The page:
Plants You Should Never Plant Together

Most gardeners have heard of companion planting, or planting certain crops together because they’re mutually beneficial. Much of companion planting is based on observation and folklore, though preliminary research shows there may be some truth behind this long-held practice. A few studies have shown limited effects, such as planting African marigolds near your tomatoes to use as a trap crop for pests such as aphids or basil to help tomatoes grow more vigorously.

Another aspect of companion planting says some plants shouldn’t be planted together. While there have been few studies proving certain plants don’t “like” each other, plants sometimes do fare better if not planted together. That’s especially true if these plants will need to battle it out for water and nutrients, or if they both attract similar pests or diseases that could wipe out both crops, for example.

Tomatoes Growing in Garden

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While nothing is foolproof, it certainly won’t hurt to experiment with companion planting principles in your own back yard. Because every garden is different with its own microclimate, nutrient needs, and weather conditions, you’ll need to pay attention to your individual results to determine what works best.

Ahead, here are a few suggestions for plants that should not be planted together:

Tomatoes and Corn

Tomatoes and corn attract the same pests, such as tomato fruitworm, so both crops could be wiped out by these insects if you have an invasion.

Cucumbers and Potatoes

These plants compete for the same types of nutrients, so it’s better to give each of them their own spaces. They also can both be infected by cucumber mosaic virus, which has no chemical controls.

Black Walnut Trees and Most Other Plants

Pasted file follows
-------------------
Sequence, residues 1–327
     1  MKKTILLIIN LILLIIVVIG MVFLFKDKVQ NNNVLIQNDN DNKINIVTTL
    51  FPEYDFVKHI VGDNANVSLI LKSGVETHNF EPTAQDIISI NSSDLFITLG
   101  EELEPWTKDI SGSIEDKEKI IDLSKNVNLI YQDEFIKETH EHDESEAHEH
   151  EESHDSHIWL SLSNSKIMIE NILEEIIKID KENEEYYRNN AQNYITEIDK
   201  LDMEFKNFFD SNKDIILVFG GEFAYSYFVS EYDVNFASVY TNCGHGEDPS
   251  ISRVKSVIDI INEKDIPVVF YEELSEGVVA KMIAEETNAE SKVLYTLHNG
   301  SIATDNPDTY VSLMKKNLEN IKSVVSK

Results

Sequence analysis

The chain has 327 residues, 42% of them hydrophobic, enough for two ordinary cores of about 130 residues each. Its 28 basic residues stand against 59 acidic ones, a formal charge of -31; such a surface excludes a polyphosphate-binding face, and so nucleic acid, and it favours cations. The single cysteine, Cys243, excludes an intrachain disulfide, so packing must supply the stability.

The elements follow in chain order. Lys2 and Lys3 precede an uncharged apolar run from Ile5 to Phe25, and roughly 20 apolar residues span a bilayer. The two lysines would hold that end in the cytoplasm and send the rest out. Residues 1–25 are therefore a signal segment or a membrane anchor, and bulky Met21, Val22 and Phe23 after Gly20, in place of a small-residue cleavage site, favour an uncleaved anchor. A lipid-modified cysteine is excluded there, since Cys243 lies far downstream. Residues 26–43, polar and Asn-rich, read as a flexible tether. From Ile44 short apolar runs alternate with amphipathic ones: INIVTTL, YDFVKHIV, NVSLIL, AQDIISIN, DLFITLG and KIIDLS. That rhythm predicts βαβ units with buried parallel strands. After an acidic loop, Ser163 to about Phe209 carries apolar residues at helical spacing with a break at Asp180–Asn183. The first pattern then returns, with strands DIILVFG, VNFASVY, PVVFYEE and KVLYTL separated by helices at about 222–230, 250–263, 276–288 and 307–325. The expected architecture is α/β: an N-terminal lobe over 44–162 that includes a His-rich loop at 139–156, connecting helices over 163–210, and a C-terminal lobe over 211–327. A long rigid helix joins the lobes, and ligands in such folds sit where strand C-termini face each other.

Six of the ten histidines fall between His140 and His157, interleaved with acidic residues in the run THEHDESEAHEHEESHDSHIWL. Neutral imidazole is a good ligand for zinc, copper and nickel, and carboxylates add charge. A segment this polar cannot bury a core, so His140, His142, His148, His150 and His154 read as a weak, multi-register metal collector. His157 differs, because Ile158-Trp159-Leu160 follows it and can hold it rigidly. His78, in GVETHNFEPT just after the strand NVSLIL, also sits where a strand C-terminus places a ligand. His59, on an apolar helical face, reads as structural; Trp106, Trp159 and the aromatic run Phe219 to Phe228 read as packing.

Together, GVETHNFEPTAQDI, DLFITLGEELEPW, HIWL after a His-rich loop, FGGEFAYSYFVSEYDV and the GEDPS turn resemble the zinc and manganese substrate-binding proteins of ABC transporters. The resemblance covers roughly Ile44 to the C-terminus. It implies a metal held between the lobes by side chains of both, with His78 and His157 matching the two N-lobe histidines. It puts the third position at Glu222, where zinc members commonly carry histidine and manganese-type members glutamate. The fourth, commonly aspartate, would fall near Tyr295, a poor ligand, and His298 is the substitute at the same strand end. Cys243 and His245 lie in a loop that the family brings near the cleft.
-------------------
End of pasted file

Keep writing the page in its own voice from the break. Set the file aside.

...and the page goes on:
Black walnut trees (Juglans nigra) contain the chemical juglone, which kills plant roots to reduce competition. Once it’s released into the soil, this chemical can damage annuals, garden vegetables, fruit trees and some perennials. If you have a black walnut on your property, don’t expect to grow a garden nearby because vegetables such as tomatoes and peppers are especially vulnerable. Grasses, however, seem to do fine.

Tomatoes and Eggplants

Tomatoes and eggplants both attract hornworms. Planting them too close together offers a buffet to these pests, resulting in the potential loss of both crops.

Garlic and Onions

Garlic is susceptible to most onion diseases, such as powdery mildew. Give them both a fighting chance, and don’t plant them too close to each other or in the same spot year after year.

Cabbage and Other Cruciferous Vegetables

Cabbage and other cruciferous vegetables such as broccoli, collards, kale and mustard greens are subject to injury by cabbage loopers. Some gardeners report that planting a large number of cruciferous vegetables together seems to attract more of these pests. A more diverse planting may reduce the risk that you’ll lose everything if these unwelcome insects come calling.

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